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Tuesday, Nov. 6, 2012
JAPAN TIMES BLOGROLL
By SOFIA ELGHAZZALI
Special to The Japan Times
When Minnesota-native Angela Salisbury moved to Tokyo, she ditched the guidebooks and explored the city by crafting.
She had always enjoyed sewing, and quickly developed an affinity for a traditional Japanese form of embroidery called sashiko. To display her work, she began posting her projects on Saké Puppets, a blog she started with her husband to chronicle their trip abroad. She soon found her work getting attention and has since started teaching crafting.
What does the name Saké Puppets mean?
When I thought about starting a blog, I was brainstorming ideas, and my brother-in-law came up with Saké Puppets. The name is a play on words. Where I come from in the United States, and elsewhere in the world, children have fun making sock puppets. I think it's a term that is sort of nostalgic for a lot of people, so we played on that and came up with Saké Puppets. And no, it doesn't mean drunk puppets!
How did you come to start crafting? Where did you learn?
I have been crafting my entire life. My mom is an incredible crafter, so growing up I always had hand-made Halloween costumes and my school projects were always elaborate. I don't remember when exactly I started crafting because I was very little. I grew up with a very creative family.
I have never had crafting classes, my mom and grandma were always there to teach me how to make dolls and even doll houses. The only craft classes I've had were the sashiko classes.
I was very nervous about the idea of teaching crafting, because I didn't have professional training. I don't think that it's a big deal, though, because the kind of hand crafts that I like are things that are passed down traditionally — things that are meant to adorn everyday items. Maybe my methods and style are different, but I think that's what makes my work unique.
Why did you to take up sashiko? Did you come to Japan wanting to learn it?
I did! I came across sashiko on the Internet, but the materials were hard to find back in the States. I was wandering in my old neighborhood (here) and found a shop offering sashiko classes. The shop is in Azabu Juban and it's called "Blue and White." Once a month, a group of women gather to practice all kinds of traditional arts. I learned by watching them, because I didn't know much Japanese at the time.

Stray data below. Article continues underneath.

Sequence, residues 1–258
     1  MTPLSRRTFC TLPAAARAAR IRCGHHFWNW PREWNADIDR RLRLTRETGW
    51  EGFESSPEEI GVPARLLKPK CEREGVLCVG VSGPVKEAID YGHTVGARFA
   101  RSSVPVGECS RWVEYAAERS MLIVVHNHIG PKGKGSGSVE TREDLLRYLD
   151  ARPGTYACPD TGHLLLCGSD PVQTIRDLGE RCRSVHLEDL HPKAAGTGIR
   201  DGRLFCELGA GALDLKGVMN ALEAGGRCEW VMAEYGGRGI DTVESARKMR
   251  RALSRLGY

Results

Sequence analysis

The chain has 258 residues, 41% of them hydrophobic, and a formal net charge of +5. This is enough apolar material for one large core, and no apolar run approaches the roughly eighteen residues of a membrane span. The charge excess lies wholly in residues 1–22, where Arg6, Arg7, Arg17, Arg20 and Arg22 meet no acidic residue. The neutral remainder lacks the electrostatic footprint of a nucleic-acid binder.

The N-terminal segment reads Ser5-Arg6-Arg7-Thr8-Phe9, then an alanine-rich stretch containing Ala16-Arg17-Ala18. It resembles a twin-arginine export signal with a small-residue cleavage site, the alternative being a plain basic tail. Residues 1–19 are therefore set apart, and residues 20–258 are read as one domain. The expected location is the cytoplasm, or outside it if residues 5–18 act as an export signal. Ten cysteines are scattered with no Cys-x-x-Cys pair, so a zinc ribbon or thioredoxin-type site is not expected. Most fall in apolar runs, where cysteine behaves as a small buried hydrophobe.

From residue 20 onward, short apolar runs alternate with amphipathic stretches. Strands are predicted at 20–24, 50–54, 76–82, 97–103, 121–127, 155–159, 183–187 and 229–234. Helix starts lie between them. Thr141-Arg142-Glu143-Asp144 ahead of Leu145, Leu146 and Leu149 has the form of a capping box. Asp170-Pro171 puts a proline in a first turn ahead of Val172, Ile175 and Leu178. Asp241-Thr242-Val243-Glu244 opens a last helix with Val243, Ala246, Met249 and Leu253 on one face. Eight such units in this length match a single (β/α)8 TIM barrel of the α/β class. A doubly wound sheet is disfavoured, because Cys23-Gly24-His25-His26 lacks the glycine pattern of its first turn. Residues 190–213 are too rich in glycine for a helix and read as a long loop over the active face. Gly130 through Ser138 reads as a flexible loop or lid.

How do you find shopping for craft supplies in Japan?
It's generally great. There's a lot available at regular stores; you don't have to go to specialized craft shops. You can find craft material in ¥100 shops, so shopping for craft materials in Tokyo is easy and affordable. There are also many specialized shops that are usually more expensive than those regular shops, but are higher quality.
I go to Nippori Fabric Town every time I need fabrics. It's probably the biggest craft shop in Japan. For other supplies, I go to big chains such as Yuzawaya, which is probably the biggest fabric chain in Japan.
How did you come up with the idea of an English Craft Club?
The idea of creating an English Craft Club came to me when my Japanese friend asked me to show her how to do sashiko. When I was teaching her, I found out that even though she already spoke fluent English, she was actually learning more English vocabulary. Then I thought that maybe this is something other people would be interested in, because I think that learning English is more fun when you learn it through a hobby. It's easier to retain.
What kind of people take your classes?
It's growing, we started very small. We're actually opening it up to a wider audience, so there are native English speakers, too.
Each channel is a little bit different, and each one has a slightly different audience. On Twitter, I talk to my friends in Japan; I use Facebook to talk to my friends in the rest of the world; I use Flickr and Pinterest for my webshop. But I don’t think too much about my audience when I write for my blog because I write just what I want to write and see what happens. I think that the audience for my blog is people who are crafters, but also people who are interested in knowing more about Japan, because my blog is not always about crafts. I like to just talk about my life sometimes — that crazy cake that I ate or my ancient next-door neighbor or something that I found or encountered in Japan. So I think it’s partly friends and family who are interested in knowing how my life is in Japan.
How is it balancing virtual online work with hands-on craft work?
I don’t really have a good balance. It’s a constant struggle, because what I like to do is work with my hands, and when I’m doing that I can’t be on the computer. Having all these types of social media isn’t totally natural for me, but it’s also tied to my job, and my online shop, so, yes, I have to find a balance, but I’m not very good at it. So I just do them when I want to, because there is no point of doing something if it’s not fun.